Friday, October 15, 2010

Take This Halloween Costume Advice and Shove It

When your kid reaches age five, is already smarter than you, an awkward mix of pride and shame antagonizes the ego. You could show a terrier a fire hydrant made of steak and he’d be less confused.

As a child, my Halloween costumes were a series of comic mishaps worthy of a much larger audience. If reality TV had existed back then, I might have been rich and famous.

My parents, God love them, were happy to oblige whatever crazy costume idea I came up with each year. This was exceedingly educational. Read on to partake of my wisdom.

Once I was a mummy. They wrapped me in about $60 worth of toilet paper, only to find that whenever I moved any limb at an angle of five degrees or more, the paper ripped. By the time I got to the car (we lived in the woods and had to drive to the suburbs for Trick-or-Treating) I had inadvertently
shredded the costume.


Then I went through a series of box-oriented costumes. One year I was a robot, the next, a birthday present. There might have been a jack-in-the-box mixed in there somewhere, as well; I’m not sure.

At any rate, my mother slaved for hours elaborately decorating large cardboard boxes in colored paper and tin foil, only to discover on Halloween night that the costume would not fit into our undersized Subaru station wagon.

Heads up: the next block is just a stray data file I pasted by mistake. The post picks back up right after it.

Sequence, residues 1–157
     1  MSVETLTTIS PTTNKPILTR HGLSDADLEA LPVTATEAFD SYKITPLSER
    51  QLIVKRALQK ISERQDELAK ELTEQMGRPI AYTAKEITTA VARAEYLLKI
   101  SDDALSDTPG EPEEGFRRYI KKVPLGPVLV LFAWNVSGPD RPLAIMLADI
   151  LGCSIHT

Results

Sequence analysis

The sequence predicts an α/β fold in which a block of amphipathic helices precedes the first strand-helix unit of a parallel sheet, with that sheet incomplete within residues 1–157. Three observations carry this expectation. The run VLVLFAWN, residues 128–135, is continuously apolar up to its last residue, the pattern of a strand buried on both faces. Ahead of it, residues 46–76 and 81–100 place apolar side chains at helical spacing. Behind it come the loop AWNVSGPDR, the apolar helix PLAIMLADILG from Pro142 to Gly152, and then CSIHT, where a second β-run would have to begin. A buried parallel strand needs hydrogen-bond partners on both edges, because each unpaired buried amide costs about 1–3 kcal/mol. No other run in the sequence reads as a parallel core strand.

You’d think we would have realized somewhere along the way that the whole box thing was a poor idea.

DO NOT MAKE A BOX COSTUME FOR YOUR CHILD unless you’re absolutely certain you won’t have to drive him or her anywhere for a while.

I vaguely remember my mother pressuring me to be a pirate one year. I must have been just a little tyke, but the idea of wearing an earring scared me to bits, partially because I imagined searing pain in my earlobe, and partially because boys did not wear earrings in those days unless they wanted to be picked on relentlessly.

It’s too bad that I felt the need, as a six-year-old with big plastic glasses, to assure everyone how manly I was by not wearing an earring. I might have had more fun.


Another year, when I was closer to adolescence, I got the idea of dressing as Johnny Paycheck, who sung the famous tune “Take This Job and Shove It.” Instead of saying “Trick or Treat” at every house, I wanted to say, “Take this Halloween Candy and Shove It.” Thankfully, I was talked out of that idea.

No matter how original and avant garde your child may feel, DO NOT PERMIT HIM TO DRESS AS A DISGRUNTLED COUNTRY MUSIC STAR. (But a gruntled country music star would be fine.)

Also, please resist the temptation to dress your child as a politician. Every year I see shorties running around in Regan masks and Bush masks and it makes me wonder if there’s been a robbery at Midget National Bank or something.

I admit, though, a Paul LePage costume would be pretty scary, but you’d have to instruct your child to curse at people after saying “Trick or Treat.” Then, if they don’t give the exact candy he wants, he should storm angrily away from the house.

My daughter, wiser than I ever was, is a bumblebee this year. If my ego can recover from the sting we’ll have a great time.

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